Off-Road Test: Ford Everest XLT


Words & Images Angus Boswell

What a pleasant surprise it was to settle into the seats of the new Ford Everest XLT. This is a big, spacious, high-up SUV with plenty of elbow-room inside and a commanding view of the road.

Swinging the starter yields another pleasant surprise: the offbeat grumble of that five-cylinder, 3.2-litre turbodiesel. This is a motor that clearly won’t be taking any prisoners.

All good so far, because this is another great new product to emerge from the new Ford stable, where world-class standards are the key to their revised business model. In this case, the Aussies had a big hand in fettling and reworking the basic T6/ Ranger underpinnings to create a proper, hard-working body-on-frame SUV.

It had to be different to the Territory (which rides slightly better on its Falcon-derived underpinnings, but is less tough) and some margin better than the previous Everest (which it accomplishes on every point you care to mention… from design and packaging, to ability). The engineers say that so much is changed from the Ranger base that the Everest qualifies as a different vehicle.


Man, I like the looks of this vehicle. The grille is all in the current Ford trapezoidal mould, and the proportions are pleasant to behold: there are no ugly overhangs, and the rounded rear end disguises the space needed to fit a third row of seats. The sides are big, slabby, and devoid of confusing creases; there are no busy intersections of designer crayon strokes or vanity elements that have no function.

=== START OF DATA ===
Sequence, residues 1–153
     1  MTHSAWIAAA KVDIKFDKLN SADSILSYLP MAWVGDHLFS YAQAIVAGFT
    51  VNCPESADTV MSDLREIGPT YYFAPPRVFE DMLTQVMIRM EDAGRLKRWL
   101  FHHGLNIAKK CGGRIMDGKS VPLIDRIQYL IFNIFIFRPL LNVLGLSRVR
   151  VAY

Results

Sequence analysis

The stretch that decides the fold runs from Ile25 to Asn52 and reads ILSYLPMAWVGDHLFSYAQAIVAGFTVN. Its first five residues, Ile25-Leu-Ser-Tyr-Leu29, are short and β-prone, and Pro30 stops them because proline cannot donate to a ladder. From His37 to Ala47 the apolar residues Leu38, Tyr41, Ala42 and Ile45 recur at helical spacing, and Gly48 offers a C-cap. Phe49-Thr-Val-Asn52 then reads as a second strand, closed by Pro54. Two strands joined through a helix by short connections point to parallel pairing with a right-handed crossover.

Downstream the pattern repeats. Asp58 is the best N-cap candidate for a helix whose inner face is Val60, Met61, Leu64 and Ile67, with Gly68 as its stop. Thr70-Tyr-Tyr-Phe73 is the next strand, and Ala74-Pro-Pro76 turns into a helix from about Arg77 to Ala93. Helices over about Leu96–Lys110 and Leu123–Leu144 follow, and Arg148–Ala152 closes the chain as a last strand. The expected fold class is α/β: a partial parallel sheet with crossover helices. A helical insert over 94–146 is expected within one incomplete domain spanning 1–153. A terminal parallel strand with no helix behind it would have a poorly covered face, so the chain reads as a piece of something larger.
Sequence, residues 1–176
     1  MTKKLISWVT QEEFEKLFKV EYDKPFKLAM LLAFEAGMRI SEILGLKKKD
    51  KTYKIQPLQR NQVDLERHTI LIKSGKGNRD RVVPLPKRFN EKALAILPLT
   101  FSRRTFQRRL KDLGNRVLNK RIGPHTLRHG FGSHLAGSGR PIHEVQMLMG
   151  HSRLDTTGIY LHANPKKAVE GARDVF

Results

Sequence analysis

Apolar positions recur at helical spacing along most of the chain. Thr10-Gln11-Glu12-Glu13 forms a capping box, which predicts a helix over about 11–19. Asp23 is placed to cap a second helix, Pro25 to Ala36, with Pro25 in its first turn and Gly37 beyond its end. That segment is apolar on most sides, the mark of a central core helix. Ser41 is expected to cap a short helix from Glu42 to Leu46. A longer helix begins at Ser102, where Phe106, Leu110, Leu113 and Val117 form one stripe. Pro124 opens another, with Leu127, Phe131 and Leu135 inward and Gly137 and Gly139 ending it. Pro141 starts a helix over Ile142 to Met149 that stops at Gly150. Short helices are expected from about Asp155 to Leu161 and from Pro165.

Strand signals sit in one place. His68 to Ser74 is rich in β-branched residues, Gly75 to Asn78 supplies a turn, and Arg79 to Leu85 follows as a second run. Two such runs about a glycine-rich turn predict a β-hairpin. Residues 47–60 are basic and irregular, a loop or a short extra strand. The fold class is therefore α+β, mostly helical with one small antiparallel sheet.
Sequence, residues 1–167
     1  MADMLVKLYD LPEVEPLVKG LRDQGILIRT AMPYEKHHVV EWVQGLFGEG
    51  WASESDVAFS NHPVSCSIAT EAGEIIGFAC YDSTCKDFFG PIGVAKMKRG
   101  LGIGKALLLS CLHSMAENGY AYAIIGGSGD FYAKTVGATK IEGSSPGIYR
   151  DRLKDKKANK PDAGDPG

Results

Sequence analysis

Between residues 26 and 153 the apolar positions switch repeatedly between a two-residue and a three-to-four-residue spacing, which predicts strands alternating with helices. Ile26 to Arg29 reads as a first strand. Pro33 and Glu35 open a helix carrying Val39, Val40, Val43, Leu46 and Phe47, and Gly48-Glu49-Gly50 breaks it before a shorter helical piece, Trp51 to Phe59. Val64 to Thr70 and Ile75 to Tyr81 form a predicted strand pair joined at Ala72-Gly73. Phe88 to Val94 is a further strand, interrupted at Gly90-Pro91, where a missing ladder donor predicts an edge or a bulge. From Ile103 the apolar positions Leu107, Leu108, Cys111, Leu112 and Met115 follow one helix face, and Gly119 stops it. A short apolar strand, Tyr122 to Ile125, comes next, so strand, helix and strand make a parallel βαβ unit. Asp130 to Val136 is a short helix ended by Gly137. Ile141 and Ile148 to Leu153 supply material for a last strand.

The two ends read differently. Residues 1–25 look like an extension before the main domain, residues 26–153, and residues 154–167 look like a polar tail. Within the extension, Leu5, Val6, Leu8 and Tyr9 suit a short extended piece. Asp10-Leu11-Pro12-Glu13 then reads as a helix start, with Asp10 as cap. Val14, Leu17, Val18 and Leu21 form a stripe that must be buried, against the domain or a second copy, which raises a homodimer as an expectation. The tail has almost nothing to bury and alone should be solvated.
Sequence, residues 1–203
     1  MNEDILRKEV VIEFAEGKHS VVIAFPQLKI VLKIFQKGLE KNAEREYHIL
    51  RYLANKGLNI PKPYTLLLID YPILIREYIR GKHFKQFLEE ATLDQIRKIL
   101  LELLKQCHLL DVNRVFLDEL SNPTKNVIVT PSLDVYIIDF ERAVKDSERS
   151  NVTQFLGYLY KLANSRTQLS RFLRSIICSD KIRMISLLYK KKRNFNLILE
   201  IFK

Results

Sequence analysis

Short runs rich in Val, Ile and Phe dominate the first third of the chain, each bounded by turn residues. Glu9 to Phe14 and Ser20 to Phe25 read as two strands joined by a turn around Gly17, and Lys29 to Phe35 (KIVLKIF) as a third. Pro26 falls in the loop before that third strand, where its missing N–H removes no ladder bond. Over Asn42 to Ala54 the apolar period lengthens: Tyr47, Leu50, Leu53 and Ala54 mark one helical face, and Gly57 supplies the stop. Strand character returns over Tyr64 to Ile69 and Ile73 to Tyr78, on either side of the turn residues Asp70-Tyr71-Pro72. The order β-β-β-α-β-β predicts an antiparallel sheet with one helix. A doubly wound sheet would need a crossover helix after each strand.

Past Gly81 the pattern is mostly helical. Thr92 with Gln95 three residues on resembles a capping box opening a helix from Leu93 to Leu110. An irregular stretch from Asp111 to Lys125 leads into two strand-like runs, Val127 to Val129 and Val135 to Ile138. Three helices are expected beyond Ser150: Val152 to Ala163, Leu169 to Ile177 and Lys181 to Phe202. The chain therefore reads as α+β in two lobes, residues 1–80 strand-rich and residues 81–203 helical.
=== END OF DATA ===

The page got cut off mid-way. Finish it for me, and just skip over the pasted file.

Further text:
What there is, are wheel arches that are puffy and muscular, a face that is cliff-like and masculine, and a rear which is tall with a large wraparound window. It’s not hugely distinctive, but the net effect is of a generous, businesslike and masculine off-roader.

The 18-inch alloy wheels (on the more utility-biased XLT that is on test here) are shod in highway-spec 265/60 Bridgestone Duellers, which you’d toss out for some hardier AT tyres if overlanding trips were on the cards, and the side steps are ridiculously low. (Fine, if your ageing mother-in-law is a regular part of the commute, but best unbolted if you have trails in mind.)


The XLT has less bling and fewer toys than the Limited derivative. That still means leather-clad seats (manual adjustment up front) plus a 50:50 split third row that folds flat into the boot space (which is large and deep), pulls upward for small people – and still allows some packing space behind them.

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